* C$ surrenders some gains to $1.0559
* Bond prices mixed
* Next up: Canada retail sales for February
By Ka Yan Ng
TORONTO, April 21 (Reuters) - The Canadian dollar extended gains to hit a fresh 3-1/2 year high on Thursday as part of an across-the-board exit from the U.S. currency.
The Canadian unit jumped as high as C$0.9455 to the U.S. dollar, or $1.0576, early in the day, the highest level since November 2007.
The currency has climbed more than 2 percent since Tuesday after Canada's annual inflation rate in March jumped to its highest level since September 2008, ratcheting up pressure on the Bank of Canada to resume raising interest rates soon. [ID:nN19274146]
Having broken through the C$0.95 level, analysts say there are few technical barriers in the way of the Canadian dollar. Market observers say the currency could test its modern high of C$O.9059 to the greenback, or $1.1039, reached in November 2007, according to Thomson Reuters dealing data.
Strong corporate earnings buoyed risk appetite in illiquid pre-Easter holiday trade, threatening to drive the broadly weaker greenback to historic lows against a basket of currencies. [ID:nLDE73K0TJ] [FRX/]
"We're still in a pretty good uptrend. The Canadian dollar is benefiting from the stampede into risk-seeking on the back of a much weaker U.S. dollar," said Michael O'Neill, managing director at Knightsbridge Foreign Exchange.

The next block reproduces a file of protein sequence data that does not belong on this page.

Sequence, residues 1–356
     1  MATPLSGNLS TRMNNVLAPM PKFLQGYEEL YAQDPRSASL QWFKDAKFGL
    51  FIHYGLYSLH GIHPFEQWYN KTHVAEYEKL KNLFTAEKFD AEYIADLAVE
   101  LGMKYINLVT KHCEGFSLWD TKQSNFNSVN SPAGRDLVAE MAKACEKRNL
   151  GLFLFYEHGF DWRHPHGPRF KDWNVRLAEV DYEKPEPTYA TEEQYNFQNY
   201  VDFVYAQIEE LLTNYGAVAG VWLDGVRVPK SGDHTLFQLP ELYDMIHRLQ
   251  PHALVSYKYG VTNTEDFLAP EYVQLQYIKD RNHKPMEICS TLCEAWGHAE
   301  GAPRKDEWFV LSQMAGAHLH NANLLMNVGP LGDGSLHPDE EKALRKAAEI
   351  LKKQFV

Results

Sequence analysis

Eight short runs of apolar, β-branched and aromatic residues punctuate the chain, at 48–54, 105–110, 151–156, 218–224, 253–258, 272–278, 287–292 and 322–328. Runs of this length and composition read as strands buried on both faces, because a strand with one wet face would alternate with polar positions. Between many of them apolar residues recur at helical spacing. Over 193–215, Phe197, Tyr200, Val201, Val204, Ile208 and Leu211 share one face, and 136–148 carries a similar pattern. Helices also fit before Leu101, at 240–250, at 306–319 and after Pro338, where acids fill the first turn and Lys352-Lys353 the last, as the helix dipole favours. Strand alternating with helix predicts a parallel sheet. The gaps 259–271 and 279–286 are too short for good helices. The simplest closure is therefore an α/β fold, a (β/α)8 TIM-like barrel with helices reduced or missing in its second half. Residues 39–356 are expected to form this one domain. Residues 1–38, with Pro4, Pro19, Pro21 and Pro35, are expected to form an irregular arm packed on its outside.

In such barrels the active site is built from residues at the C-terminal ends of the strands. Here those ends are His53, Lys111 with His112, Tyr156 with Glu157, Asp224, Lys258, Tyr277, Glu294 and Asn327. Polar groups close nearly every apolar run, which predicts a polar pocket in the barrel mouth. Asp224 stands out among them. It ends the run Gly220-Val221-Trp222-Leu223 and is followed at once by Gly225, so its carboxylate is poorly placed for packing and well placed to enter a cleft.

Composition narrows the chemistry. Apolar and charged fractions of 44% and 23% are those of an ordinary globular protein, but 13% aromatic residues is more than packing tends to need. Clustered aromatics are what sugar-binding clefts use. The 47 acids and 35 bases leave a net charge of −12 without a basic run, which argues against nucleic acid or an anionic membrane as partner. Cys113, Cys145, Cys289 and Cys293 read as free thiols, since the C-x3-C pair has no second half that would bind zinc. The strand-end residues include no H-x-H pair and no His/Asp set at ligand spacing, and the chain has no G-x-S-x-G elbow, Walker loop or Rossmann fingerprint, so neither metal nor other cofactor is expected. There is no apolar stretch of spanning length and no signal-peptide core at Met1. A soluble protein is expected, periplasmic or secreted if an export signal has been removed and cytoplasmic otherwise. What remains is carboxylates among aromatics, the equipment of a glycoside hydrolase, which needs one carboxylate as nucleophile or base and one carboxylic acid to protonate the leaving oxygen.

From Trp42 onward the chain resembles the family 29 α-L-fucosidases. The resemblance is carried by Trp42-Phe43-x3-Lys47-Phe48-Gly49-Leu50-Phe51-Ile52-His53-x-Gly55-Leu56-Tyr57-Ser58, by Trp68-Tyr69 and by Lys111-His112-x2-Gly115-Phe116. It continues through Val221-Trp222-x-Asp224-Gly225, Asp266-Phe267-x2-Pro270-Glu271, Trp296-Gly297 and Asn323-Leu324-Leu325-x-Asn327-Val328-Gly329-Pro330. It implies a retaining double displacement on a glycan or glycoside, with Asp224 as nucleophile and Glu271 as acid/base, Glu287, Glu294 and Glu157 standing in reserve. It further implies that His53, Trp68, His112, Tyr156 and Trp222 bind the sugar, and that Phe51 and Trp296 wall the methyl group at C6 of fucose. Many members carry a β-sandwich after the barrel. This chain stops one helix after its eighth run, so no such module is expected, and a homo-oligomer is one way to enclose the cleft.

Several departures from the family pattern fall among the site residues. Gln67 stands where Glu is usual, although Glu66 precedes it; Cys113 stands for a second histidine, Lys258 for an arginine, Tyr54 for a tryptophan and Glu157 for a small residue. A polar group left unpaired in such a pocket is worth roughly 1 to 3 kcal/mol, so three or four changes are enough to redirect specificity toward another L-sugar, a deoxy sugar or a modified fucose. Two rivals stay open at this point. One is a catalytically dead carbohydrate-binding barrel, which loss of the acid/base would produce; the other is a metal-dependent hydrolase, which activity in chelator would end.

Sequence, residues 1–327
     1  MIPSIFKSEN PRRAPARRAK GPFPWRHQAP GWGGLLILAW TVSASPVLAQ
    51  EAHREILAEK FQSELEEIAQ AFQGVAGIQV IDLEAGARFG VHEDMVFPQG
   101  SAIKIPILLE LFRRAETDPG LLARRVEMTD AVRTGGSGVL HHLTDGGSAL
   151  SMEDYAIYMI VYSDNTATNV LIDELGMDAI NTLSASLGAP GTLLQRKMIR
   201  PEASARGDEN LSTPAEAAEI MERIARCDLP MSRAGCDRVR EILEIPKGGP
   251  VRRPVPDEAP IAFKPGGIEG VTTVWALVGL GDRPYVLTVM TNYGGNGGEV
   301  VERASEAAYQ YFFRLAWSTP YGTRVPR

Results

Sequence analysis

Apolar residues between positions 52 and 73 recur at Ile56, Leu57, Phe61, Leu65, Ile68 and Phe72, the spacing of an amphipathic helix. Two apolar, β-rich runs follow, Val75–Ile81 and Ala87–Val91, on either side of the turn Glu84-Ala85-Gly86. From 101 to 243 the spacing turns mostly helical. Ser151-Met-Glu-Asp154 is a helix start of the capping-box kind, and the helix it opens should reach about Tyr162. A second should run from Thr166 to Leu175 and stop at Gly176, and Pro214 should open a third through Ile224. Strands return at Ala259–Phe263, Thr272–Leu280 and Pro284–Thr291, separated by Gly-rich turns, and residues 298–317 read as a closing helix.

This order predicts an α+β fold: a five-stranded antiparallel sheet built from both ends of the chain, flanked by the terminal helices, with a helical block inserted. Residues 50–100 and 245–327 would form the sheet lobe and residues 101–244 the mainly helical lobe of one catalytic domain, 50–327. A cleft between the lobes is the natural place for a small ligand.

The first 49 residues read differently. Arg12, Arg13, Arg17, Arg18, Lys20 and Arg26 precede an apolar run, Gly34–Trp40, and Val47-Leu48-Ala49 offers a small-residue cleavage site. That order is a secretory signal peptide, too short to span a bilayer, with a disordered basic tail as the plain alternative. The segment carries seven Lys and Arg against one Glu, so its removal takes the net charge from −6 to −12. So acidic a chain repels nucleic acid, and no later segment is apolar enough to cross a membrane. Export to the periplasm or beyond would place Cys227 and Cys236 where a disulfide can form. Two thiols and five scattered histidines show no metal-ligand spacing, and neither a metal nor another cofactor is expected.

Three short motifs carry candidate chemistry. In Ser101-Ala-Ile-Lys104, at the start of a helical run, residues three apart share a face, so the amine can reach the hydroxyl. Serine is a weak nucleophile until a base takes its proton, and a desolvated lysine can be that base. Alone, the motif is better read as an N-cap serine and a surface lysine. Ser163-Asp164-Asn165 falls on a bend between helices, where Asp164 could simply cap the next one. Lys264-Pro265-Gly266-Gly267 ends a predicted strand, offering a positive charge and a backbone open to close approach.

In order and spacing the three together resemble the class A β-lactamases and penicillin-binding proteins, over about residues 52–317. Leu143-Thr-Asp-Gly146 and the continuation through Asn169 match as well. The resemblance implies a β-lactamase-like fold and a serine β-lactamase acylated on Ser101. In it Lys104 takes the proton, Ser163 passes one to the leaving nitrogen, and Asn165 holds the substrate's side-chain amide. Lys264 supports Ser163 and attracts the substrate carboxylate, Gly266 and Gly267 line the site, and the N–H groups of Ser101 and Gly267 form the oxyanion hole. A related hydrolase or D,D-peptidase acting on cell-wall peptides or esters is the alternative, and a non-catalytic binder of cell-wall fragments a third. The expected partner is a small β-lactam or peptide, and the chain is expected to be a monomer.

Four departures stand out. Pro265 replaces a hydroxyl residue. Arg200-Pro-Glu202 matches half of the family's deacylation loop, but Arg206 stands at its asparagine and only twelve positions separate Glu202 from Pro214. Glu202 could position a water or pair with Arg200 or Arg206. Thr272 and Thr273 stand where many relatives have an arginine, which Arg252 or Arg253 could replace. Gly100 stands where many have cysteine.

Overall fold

Trading volumes will likely thin out ahead of the long weekend, but not before market participants see the February figures for Canadian retail trade. The data is expected to show a rebound in consumer spending after sales unexpectedly dropped in January from December.
Analysts, on average, forecast a 0.6 percent increase in overall sales for February and an increase of 0.5 percent excluding auto sales. CARSLS=ECI ECONCA
At 7:55 a.m. (1155 GMT), the Canadian dollar CAD=D4 was at C$0.9471 to the U.S. dollar, or $1.0559, up from C$0.9533 to the U.S. dollar, or $1.0490, at Wednesday's North American finish.
Canadian bonds were mixed ahead of the retail sales data, while sentiment was also tilted in favor of riskier assets. The two-year bond CA2YT=RR fell 3 Canadian cents to yield 1.823 percent, while the 10-year bond CA10YT=RR was up 14 Canadian cents to yield 3.314 percent.
(Editing by Padraic Cassidy)